In the latter part of the 19th century, Europe's vineyards were overwhelmed by a pest called Phylloxera, only to be saved by a Phylloxera-resistant American graft. Then, in the 1960s, American vintners started planting a highly productive rootstock called AxR1 (trying to reduce cost so as to convert beer drinkers into wine drinkers!) despite warnings from the French as to the rootstock's susceptibility to Phylloxera. By the beginning of the 1980s, Napa and Sonoma's vineyards were ravaged just as the European vineyards had been a century before. But, Phyllloxera likes heavy soil, and doesn't take well to the light sand of Contra Costa, east of the San Francisco Bay. As a result, a handful of vineyards, all planted by Italian immigrants before the turn of the 19th century, survived.
When we first met Matt Cline in the late 1980's, he had just begun making wine at Cline Cellars. As commercial acclaim allowed Cline Cellars to grow from ten thousand cases in the early 1990's to over 300,000 cases in 2001, Matt found himself spending less time in the vineyards he loved and more time making master blends of large production commercial cuvees. He decided to start over, going back to Oakley and to a few other small, old vine vineyards he'd discovered over the years, forming Trinitas Cellars with his wife Erin, in 2001.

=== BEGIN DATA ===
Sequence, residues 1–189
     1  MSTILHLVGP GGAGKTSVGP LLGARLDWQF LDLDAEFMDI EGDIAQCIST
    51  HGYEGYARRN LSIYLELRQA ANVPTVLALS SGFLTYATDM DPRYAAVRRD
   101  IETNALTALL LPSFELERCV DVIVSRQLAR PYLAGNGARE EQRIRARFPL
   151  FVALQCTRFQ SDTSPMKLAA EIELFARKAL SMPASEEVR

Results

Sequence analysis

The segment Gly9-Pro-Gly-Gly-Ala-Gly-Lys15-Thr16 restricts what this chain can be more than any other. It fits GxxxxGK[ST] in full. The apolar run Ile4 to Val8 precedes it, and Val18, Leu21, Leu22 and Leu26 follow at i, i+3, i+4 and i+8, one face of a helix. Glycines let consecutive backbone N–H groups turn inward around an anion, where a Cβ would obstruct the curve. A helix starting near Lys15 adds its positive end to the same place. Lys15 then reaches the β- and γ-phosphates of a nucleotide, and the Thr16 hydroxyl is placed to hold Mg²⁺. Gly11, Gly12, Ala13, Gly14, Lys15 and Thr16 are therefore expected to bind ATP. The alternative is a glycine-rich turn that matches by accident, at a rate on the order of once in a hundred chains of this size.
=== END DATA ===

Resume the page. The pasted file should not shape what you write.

Always fascinated by his family history, Matt looked first in his 'back yard' when sourcing grapes. Matt's grandfather, Valeriano Jacuzzi, was one of the first Italian settlers to plant grapes around the turn of the century in Contra Costa County, east of the San Francisco Bay. He discovered that his grandfather's 30 acres as well as hundreds of acres of other immigrant families were virtually in tact, and largely undiscovered by the North Coast wineries.
These vineyards, largely undisturbed by Phylloxera, produced gnarly, head-trained plants with large thick trunks. Matt, along with Randall Grahm of Bonny Doon, was a pioneer of the appellation, and procured contracts for the tiny quantities of the most concentrated, nuanced fruit in California. While Bonny Doon eventually outgrew the utility of the vineyards' small production, Cline stuck with it, producing startling, terrifically concentrated reds.
The Trinitas Old Vine Petite Sirah 2004 is drawn from a vineyard that is on the southeast side of Lodi, this 50-year-old vineyard produces some of the highest quality Petite Sirah in the world. Benefiting from an early flowering and a longer, more moderate growing season, this is an explosive, purple/black red wine that is at once fabulously concentrated, balanced and vibrant. Effusive blue fruits aromas are framed by an earthy elegance. Incredibly dense and rich, but with the big ripe tannins needed to balance the richness without astringency. Drink now for the primary fruit explosiveness or age for up to 7 years.
Powerful and explosive fruit makes this Petite Sirah the perfect companion for hearty grilled or broiled meats. Pair with peppercorn-rubbed grilled rib-eyes and rich, mashed potato.